Among others who have assisted me are Professors Dov Noy and Aliza Shenhar of the Israel Folktale Archives, who very kindly made available to me the Archives' large collection of folktales of Kurdistani Jews. I am also much indebted to Dr. Stephen Stern, who prepared the motif index, and to the editors and publishers who gave me permission to include selections from their publications.

My wife, Stephanie, read the first English draft of each selection and assisted me in other aspects of this work, in addition to providing generous moral support.


1. Kurdistan And The Kurds

I. The word Kurdistān in Persian means "the land of the Kurds." It seems to have been coined by the Seljuks, the Turkish dynasty that ruled the Near East between 1038 and 1194 C.E.,¹ but terms designating the Kurds or their land appear already in ancient times, going back as far as 2000 B.C.E. The Kurds are mentioned in Sumerian and Assyrian records, as well as in classical Greek and Latin works, particularly Xenophon's Anabasis (401-400 B.C.E.).² In Aramaic the region was known as betkardu, ³ and in the Aramaic translation of Onkelos (fourth century C.E.) the Biblical hare 'Ararat (Gen. 8:4), "the mountains of Ararat," where Noah's ark had rested, is identified as ture kardu, "the mountains of Kurdistan. "4 There are a few references to kardu and arduyyim in the Talmud (sixth century C. E.) as well.5

1.Minorsky, pp.1130, 1140.

2.Ibid., p. 1132. Xenophon calls the area the country of the Carduchi"; see his Anabasis, bits. III—IV (pp. 97-170), which deal with the march of the Greek soldiers through Kurdistan and their fierce fights with the Kurds in the mountains. It is interesting that already Xenophon was impressed by the rugged nature of Kurdistan and the warlike character of the Kurds: "These people [the Carduchi), they said, lived in the mountains and were very warlike and not subject to the [Persian) king. Indeed, a royal army of one hundred and twenty thousand had once invaded their country, and not a man of them had got back, because of the terrible conditions of the ground they had to go through" (p. 127).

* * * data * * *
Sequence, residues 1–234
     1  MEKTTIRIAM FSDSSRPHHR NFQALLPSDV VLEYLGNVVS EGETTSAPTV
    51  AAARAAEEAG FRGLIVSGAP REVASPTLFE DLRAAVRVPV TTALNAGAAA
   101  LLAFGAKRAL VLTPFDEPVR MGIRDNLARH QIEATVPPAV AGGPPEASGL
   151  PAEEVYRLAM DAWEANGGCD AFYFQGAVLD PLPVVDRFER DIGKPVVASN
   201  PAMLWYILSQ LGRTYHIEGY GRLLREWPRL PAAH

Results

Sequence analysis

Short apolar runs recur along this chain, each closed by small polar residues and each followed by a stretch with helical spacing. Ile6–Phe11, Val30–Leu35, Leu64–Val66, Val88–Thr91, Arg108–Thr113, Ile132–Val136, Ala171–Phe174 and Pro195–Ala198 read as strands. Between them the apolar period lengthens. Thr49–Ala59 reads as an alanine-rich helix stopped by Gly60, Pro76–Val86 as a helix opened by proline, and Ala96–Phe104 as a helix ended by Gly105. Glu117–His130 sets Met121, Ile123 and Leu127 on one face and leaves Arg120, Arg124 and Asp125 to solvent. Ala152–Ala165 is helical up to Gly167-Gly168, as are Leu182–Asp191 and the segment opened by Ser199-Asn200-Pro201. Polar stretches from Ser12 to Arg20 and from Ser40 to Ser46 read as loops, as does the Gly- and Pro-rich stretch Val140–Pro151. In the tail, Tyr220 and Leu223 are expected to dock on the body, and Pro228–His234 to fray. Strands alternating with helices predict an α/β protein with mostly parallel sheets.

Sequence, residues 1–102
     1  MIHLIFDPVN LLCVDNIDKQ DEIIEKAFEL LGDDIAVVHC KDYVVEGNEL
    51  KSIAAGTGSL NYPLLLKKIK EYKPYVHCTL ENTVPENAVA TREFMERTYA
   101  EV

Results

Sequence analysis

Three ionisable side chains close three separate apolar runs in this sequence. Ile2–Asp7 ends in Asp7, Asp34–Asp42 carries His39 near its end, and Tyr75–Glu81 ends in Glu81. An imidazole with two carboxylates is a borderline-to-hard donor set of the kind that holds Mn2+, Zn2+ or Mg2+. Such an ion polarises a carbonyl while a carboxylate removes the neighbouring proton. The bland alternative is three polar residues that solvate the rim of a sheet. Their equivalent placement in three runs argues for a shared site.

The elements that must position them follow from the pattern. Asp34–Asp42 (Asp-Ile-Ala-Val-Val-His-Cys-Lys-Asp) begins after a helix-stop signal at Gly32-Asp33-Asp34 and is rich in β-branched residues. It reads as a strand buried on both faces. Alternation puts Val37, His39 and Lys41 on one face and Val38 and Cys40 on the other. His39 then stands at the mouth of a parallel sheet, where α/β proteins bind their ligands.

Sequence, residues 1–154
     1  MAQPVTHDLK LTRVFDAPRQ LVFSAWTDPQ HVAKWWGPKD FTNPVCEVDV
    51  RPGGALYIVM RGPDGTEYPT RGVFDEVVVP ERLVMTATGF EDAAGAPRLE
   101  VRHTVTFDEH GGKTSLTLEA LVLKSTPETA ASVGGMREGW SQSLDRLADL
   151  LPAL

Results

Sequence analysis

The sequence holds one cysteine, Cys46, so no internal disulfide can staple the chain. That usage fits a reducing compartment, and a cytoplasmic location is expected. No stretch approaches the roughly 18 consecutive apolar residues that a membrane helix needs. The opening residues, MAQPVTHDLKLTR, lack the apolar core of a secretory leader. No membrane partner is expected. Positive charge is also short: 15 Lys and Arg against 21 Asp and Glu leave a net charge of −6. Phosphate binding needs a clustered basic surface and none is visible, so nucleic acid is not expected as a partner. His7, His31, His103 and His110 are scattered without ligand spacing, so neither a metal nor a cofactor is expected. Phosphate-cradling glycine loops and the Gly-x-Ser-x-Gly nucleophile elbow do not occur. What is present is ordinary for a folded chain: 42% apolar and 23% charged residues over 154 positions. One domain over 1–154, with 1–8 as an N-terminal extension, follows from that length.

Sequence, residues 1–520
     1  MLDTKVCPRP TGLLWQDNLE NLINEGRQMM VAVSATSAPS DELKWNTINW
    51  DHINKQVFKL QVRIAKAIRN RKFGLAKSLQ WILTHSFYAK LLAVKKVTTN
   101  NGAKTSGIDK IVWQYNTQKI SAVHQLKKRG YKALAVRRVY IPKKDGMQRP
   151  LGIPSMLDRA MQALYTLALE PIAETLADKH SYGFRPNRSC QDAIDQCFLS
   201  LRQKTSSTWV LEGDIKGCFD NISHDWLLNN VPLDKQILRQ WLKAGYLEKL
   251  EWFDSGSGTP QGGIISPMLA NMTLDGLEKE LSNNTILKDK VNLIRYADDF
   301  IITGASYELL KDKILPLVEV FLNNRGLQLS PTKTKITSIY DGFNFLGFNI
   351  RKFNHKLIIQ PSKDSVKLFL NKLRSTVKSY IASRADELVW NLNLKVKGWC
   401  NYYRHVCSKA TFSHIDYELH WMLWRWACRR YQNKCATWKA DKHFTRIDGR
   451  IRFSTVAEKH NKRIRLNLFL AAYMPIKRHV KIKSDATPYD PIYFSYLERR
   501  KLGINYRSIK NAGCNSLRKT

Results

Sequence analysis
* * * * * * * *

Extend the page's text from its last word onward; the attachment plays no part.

3.The spelling with A. suggests a Semitic etymology, "to be strong" (Akkadian); for this and other possible derivations (e.g., Persian gurd, "hero") see Minorsky, pp. 1133-34.

4.For other ancient sources of this tradition see Ginzberg, 5, 186; 4, 269: "On his return to Assyria, Sennacherib found a plank, which he worshipped as an idol, because it was part of the ark which had saved Noah from the deluge. He vowed that he would sacrifice his sons to this idol if he prospered in his next ventures. But his sons heard his vows, and they killed their father, and fled to Kardu, where they released the Jewish captives confined there in great numbers"; 6, 479: "Haman's son Parshandatha, who was governor of Kardunya, where the ark 'rested.'" A local tradition referring to the presence of the remnants of Noah's ark and altar on a local mountain ("Jabal Judi") is mentioned by various travelers; cf., e.g., Benjamin II, p. 94: "At the base of the mountain stand four stone pillars, which, according to the people residing here, formerly belonged to an ancient altar. This altar is believed to be that which Noah built on coming out of the ark [Gen. 8:20). They likewise assert that his remains are buried in the vicinity; they do not, however, specify the exact spot. I myself obtained several fragments of the ark which appeared to be covered with a kind of substance resembling tar."

5.Cf. B. BB 91a: "Our forefather Abraham was imprisoned for ten years, three in Kutha and seven in Kardu'; B. Yeb 160: "Proselytes may be accepted from among the Karduyyim." See also n. 4, above.